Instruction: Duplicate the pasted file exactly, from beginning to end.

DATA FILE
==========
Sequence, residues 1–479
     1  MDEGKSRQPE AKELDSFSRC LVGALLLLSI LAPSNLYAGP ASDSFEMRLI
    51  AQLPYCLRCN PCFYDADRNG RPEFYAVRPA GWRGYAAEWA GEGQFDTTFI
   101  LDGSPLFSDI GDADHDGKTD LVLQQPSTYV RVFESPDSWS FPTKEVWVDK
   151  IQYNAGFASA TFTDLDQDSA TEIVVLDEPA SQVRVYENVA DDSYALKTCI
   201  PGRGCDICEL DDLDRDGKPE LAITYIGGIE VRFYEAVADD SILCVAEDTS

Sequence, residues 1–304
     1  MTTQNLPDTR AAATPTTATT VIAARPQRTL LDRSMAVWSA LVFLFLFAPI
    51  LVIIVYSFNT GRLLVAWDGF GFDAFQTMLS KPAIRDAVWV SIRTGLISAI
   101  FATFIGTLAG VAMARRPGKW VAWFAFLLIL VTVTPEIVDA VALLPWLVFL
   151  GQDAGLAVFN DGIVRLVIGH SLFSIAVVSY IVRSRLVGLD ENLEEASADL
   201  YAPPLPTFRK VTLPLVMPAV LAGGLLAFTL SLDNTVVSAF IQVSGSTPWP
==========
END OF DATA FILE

Sequence, residues 1–479
     1  MDEGKSRQPE AKELDSFSRC LVGALLLLSI LAPSNLYAGP ASDSFEMRLI
    51  AQLPYCLRCN PCFYDADRNG RPEFYAVRPA GWRGYAAEWA GEGQFDTTFI
   101  LDGSPLFSDI GDADHDGKTD LVLQQPSTYV RVFESPDSWS FPTKEVWVDK
   151  IQYNAGFASA TFTDLDQDSA TEIVVLDEPA SQVRVYENVA DDSYALKTCI
   201  PGRGCDICEL DDLDRDGKPE LAITYIGGIE VRFYEAVADD SILCVAEDTS

Sequence, residues 1–304
     1  MTTQNLPDTR AAATPTTATT VIAARPQRTL LDRSMAVWSA LVFLFLFAPI
    51  LVIIVYSFNT GRLLVAWDGF GFDAFQTMLS KPAIRDAVWV SIRTGLISAI
   101  FATFIGTLAG VAMARRPGKW VAWFAFLLIL VTVTPEIVDA VALLPWLVFL
   151  GQDAGLAVFN DGIVRLVIGH SLFSIAVVSY IVRSRLVGLD ENLEEASADL
   201  YAPPLPTFRK VTLPLVMPAV LAGGLLAFTL SLDNTVVSAF IQVSGSTPWP